I thought it would take me a couple of months to finish the work on this flip and it ended up taking me over 6 months. Because the carrying costs are so high when flipping, any savings from labor were gone. I also did not do a great job with some of my repairs and had to have a contractor come in to make sure I did things right. The worst part was the stress it put on me to finish the stupid house. I also missed out on many opportunities with work, because I spent so much time working on the house. My time is much more valuable finding deals, managing the contractors or working on my business, than doing manual labor. Yes, you see the flippers on television doing the work themselves, but that is all show. I have talked to one of the house flippers on television and the producers had him lay tile for television. He had never laid tile before and it all had to be torn out when he was done. Just because they are doing it on television, does not mean it is a good idea.
3. Counting on increasing prices
I am located in Colorado and we have a crazy market right now. We have one of the highest appreciation rates in the country and that can make it tough to find deals to flip. On some of my properties, I have flipped the last two years, I made much more money than I thought because prices have been increasing. However, increasing prices can get flippers into trouble. Some people will assume prices will keep going up and base how much they pay for a flip on the future value. This strategy is what caused many flippers to go bankrupt during the housing crisis. They bought homes assuming the market would keep going up and when the market changed, they lost everything. I flipped houses before, during, and after the housing market crash. I never bought a flip assuming it would be worth more than the current market value when I sold it. This strategy has worked well and I will continue to use it.
4. Partnering with the wrong people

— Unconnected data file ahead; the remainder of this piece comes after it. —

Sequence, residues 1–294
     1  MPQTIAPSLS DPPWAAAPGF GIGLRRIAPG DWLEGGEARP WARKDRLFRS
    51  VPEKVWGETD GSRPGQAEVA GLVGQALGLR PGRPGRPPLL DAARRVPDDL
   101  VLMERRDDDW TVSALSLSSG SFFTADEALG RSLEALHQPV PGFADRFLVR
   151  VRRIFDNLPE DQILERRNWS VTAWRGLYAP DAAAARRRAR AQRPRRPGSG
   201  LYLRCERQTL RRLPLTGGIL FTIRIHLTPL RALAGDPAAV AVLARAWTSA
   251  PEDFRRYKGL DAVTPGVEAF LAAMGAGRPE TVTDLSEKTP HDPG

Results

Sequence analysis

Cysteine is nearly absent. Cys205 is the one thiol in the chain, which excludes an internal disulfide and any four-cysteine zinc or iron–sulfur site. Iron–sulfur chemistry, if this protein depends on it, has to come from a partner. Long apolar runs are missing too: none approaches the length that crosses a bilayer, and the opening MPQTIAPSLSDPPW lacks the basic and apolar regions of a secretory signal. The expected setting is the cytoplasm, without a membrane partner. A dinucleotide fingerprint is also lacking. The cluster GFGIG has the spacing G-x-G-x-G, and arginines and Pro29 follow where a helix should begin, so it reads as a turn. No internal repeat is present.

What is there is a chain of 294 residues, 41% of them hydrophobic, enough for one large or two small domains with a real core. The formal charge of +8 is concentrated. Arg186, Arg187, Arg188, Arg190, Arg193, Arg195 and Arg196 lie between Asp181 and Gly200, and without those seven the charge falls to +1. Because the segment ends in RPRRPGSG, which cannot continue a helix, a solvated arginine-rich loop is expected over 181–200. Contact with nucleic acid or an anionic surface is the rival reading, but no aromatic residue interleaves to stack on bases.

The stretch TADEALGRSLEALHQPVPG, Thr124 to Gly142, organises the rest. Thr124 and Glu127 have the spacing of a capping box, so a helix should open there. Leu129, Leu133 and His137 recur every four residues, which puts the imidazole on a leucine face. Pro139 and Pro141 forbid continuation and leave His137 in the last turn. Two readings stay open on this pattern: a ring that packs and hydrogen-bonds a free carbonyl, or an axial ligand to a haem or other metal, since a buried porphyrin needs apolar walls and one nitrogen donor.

Many house flippers will partner with another investor when flipping houses. In many cases, one investor will provide the money and another investor will find the deals and do most of the work. Partnering can work out great in real estate if everyone’s job is clear and it is all in writing. I see other real estate investors partnering on flips because they want to share the risk. They do not have a clear job description for what each partner is responsible for or a clear definition of who pays what and when. Many times the partners have different ideas of what hard work is or how much time should be spent on the project. When problems come up, there is no clear solution on how one partner can exit the deal.
It is usually not smart to partner on a deal, just to feel safer and share risk. The best partnerships are when the partners have clearly defined roles that bring different skills to the project.
5. Hiring the wrong contractors
One of the biggest challenges of running a flipping business is hiring the right contractors and keeping them working. It is tough to find decent contractors and when you do find decent ones, many times they don’t stay decent. They will raise prices, take on too many jobs, hire the wrong people, or get tired of the business. We have to keep tabs on our contractors as well to make sure they are working fast and within budget. If we don’t check on a house or a contractor for a week or two, I can almost guarantee they aren’t doing what they are supposed to be doing. We are in constant contact with our contractors and always looking for more as well.